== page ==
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Neon Metropolis: How Las Vegas Started the Twenty-First Century (Englisch) Gebundene Ausgabe – Februar 2002

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"(Rothman) treasures the moment when Jerry Tarkanian (a towel-chewing stoic) took his Runnin' Rebels to the N.C.A.A. basketball finals, and defeated Duke, despite the "snotty" sign borne by some Duke supporters: "Welcome, fellow student-athletes." This informative and useful book comes loaded...there is a wealth of practical detail....This book will teach you something startling on nearly every page."
-New York Times Book Review
"A brilliant interpretation of the supernova of American Cities."
-Mike Davis, author of "City of Quartz
"In this thoughtful study, Rothman provides a detailed history of a uniquely American city. The subject of urban planning and design is enriched by Rothman's focus on the social history of the city, including its architecture, economics, government, labor issues, transportation, environmental policy, and immigration situation....His empathetic exploration of working class Latino lives is especially rewarding."
-Library Journal
"Rothman masterfully melds painstaking research, relevant anecdotes and well-chosen interviews to illuminate large social, economic and cultural themes and show where they fit into Las Vegas. Unlike others who have tried to capture the city, Rothman doesn't traffic in conspiracy theories or florid prose to make Las Vegas seem larger or darker than life. Instead, he has produced a sprightly written book that took him out of the ivory tower and onto the streets to produce a compelling and accurate picute of the Neon Metropolis."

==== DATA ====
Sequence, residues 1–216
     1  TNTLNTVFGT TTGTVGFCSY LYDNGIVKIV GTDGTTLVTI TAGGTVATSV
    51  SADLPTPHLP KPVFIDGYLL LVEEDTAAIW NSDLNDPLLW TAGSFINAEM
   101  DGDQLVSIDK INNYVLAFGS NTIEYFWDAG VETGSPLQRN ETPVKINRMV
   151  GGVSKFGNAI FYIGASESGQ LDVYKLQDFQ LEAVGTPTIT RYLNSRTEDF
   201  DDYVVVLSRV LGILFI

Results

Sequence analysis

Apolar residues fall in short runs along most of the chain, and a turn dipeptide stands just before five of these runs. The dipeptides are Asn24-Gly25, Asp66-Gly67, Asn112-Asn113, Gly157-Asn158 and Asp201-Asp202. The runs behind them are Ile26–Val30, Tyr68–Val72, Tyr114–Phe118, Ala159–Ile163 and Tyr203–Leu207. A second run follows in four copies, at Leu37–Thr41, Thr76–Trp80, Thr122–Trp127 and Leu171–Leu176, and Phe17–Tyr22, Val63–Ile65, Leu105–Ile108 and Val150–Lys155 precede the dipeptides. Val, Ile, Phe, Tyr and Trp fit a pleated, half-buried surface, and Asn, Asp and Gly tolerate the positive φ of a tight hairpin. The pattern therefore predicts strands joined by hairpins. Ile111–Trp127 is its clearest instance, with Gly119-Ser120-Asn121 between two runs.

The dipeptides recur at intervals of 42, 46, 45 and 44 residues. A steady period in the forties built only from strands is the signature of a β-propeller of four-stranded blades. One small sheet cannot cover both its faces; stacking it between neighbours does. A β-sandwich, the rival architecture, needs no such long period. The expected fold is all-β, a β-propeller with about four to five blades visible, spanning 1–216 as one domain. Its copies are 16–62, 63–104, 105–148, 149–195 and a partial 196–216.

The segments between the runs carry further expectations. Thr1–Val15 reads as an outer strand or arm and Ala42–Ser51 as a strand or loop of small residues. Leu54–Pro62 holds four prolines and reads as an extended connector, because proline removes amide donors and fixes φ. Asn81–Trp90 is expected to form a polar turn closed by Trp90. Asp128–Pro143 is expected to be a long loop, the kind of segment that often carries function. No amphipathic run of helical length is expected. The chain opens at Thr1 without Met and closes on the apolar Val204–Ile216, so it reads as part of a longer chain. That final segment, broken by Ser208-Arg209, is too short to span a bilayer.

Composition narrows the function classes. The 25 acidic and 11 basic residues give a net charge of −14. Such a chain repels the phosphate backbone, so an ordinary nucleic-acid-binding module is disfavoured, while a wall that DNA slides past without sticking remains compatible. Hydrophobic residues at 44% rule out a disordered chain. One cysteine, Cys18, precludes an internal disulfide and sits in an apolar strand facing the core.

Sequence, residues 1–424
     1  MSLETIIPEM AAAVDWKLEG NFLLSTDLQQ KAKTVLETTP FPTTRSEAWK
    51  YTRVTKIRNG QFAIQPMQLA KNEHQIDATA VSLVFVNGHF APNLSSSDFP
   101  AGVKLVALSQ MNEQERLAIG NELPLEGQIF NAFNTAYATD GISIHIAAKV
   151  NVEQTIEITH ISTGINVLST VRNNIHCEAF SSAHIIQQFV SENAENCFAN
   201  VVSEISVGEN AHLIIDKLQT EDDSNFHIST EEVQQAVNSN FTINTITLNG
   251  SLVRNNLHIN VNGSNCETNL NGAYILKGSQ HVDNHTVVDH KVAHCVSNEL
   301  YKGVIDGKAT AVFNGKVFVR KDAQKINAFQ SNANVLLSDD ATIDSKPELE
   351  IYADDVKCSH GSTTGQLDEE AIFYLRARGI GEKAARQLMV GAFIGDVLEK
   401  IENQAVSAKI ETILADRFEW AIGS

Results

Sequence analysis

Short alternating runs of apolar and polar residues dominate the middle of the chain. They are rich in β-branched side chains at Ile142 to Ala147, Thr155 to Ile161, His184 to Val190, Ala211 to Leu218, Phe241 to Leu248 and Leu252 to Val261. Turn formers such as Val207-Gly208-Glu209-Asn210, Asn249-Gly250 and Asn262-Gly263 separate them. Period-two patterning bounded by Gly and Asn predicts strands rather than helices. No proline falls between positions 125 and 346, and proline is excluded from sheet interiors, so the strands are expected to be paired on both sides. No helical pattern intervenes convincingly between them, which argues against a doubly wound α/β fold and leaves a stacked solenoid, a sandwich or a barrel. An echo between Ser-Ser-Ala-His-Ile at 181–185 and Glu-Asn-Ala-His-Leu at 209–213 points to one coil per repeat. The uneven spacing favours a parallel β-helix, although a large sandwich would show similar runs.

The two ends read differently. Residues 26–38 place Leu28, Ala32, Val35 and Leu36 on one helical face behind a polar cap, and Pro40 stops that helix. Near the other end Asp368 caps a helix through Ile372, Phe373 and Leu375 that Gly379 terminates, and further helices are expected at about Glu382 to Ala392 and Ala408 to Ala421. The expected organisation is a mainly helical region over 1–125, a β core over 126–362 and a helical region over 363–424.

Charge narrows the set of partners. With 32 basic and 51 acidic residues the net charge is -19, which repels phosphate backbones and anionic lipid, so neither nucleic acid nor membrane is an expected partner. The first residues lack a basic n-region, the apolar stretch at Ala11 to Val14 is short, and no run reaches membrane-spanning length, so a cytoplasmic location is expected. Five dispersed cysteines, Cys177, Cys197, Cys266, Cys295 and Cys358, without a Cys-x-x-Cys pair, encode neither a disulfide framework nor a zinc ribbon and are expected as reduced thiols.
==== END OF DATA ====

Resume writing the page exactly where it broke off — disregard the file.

-Jon Ralston
"Most of the information we receive about modern places is as ignorant as it is superficial, and yet from the very capital of superficiality and glitz, Las Vegas, HalRothman has paradoxically delivered a book that is engaged, funny, smart and historically informed. Las Vegas, Rothman tells us, represents socially sanctioned deviance. The deviance in Neon Metropolis we expect to find, but Rothman delivers much more. This is a book about changing American culture and the surprising ways that Las Vegas, which is different from the rest of America, reveals so much about the United States in a new century."
-Richard White, Stanford University


Neon Metropolis offers a panoramic, entertaining account of contemporary Las Vegas, long America's capital of excess and now its fastest growing city. Combining a history of the city's growth via gambling and crime, with a richly descriptive social portrait of contemporary Las Vegas, author Hal Rothman shows how the city has shed its stigma as "Sin City", and is now setting the pace for nationwide trends in leisure, work, consumption, immigration, demographics, and city growth. Las Vegas' transition from isolated gambling outpost to its new status of "the first city of the twenty-first century" has not been without problems - rapid growth has been accompanied by sprawl, traffic jams, environmental problems and an invasion by corporate interests. Ultimately, as Neon Metropolis amply documents, the problems and opportunities facing Las Vegas are ones that, increasingly, confront all of America.

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Amazon.com: HASH(0x9b140cf0) von 5 Sternen 18 Rezensionen
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HASH(0x9b7b9f9c) von 5 Sternen Neon Metropolis 28. Oktober 2002
Von Alan Hess - Veröffentlicht auf Amazon.com
Format: Gebundene Ausgabe
An insightful work. Neon Metropolis is an essential antidote to the many critics who fly to Las Vegas for a quick visit, and leave with biases undisturbed and nothing useful to say.